At first glance, there may not be a whole lot of difference between a hammer and a mallet. After all, they are both used to strike fasteners and workpieces, right? How much more of a difference could there really be?
As it turns out, there are a plethora of differences between the two. Knowing the different features of mallets and hammers will leave you better prepared to choose the best one for the job.
Before you go looking for hammers and mallets from a trusted vendor like RS, know about the construction and materials involved. Perhaps the most notable difference between a mallet and a hammer is the construction of the head. A mallet has a cylindrical head constructed from a variety of materials. A hammer, meanwhile, has a flat head and is typically made of metal.
These shapes give each of them unique benefits. The round head of the mallet is great for striking materials that could become easily damaged. For soft objects like glass and stone, a mallet is a must. If you need to hammer fasteners into place or deliver serious force, then a hammer is the better option.
Generally speaking, a hammer is going to be smaller than your average mallet. The handles are a bit longer and the heads are smaller. If you’re working in a small space, a hammer may be better suited for the project. A mallet could wind up being too cumbersome, keeping you from getting a full swing where it is needed.
Mallets, with their long handles and larger heads, provide more power over a larger surface area. For tasks like shaping metal or pounding out dents, a mallet is the perfect option. If you need a little more precision, like hitting the small head of a nail, then a hammer is probably going to be the more suitable option of the two.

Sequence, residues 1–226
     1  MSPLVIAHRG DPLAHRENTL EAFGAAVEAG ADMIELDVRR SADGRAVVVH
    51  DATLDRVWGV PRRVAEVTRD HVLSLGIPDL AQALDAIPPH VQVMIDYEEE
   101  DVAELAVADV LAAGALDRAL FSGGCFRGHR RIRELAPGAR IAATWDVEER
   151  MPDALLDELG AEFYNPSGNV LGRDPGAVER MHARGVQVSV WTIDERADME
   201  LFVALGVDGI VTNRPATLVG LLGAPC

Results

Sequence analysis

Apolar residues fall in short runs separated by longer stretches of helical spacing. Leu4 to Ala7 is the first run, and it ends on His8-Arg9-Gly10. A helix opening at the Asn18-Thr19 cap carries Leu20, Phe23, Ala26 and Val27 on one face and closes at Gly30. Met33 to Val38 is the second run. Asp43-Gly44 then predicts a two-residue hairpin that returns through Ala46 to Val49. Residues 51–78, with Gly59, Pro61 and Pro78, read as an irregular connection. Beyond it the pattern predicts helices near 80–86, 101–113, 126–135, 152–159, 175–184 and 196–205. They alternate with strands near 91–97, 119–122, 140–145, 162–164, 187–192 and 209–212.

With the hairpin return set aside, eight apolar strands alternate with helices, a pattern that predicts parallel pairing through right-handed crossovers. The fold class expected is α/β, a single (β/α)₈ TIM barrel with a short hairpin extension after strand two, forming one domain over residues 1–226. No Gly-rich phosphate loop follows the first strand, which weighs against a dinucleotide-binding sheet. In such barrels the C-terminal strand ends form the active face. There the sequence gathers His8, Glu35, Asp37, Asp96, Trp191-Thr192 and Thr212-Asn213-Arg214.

Aside from the head construction, the biggest difference between a hammer and a mallet is the material used in the construction of the head. Hammers nearly always have a hard, metal head, though that type of metal can vary. They are much more ideal for heavy work like breaking through rigid materials or striking nails.
For more delicate procedures, a mallet would be better suited. That’s because mallets come in a wide range of materials like wood, rubber, and plastic. Each of these mallets serves a specific purpose and shouldn’t leave any marks compared to a standard hammer. Another consideration to make is durability. Metal hammers are going to hold up over a longer period because the metal won’t chip or crack unless placed in extreme situations. Mallets, meanwhile, can suffer damage if they are used for anything other than their intended purpose.
Made with a larger head, mallets are great because they distribute the force of the blow over a larger surface area. That even distribution makes it less likely for damage to occur. On harder materials, that might not necessarily matter but for softer materials, it can make a world of difference. A few light taps with a mallet should be enough to get the job done and leave you confident that there will be no issues with the surface area.
A metal hammer, however, has far more concentrated impact power. This is partially due to the fact that the head is harder, but it also has a much more precise point of impact. That power is great for penetrating harder surfaces or delivering enough for smaller surface areas like the head of the nail.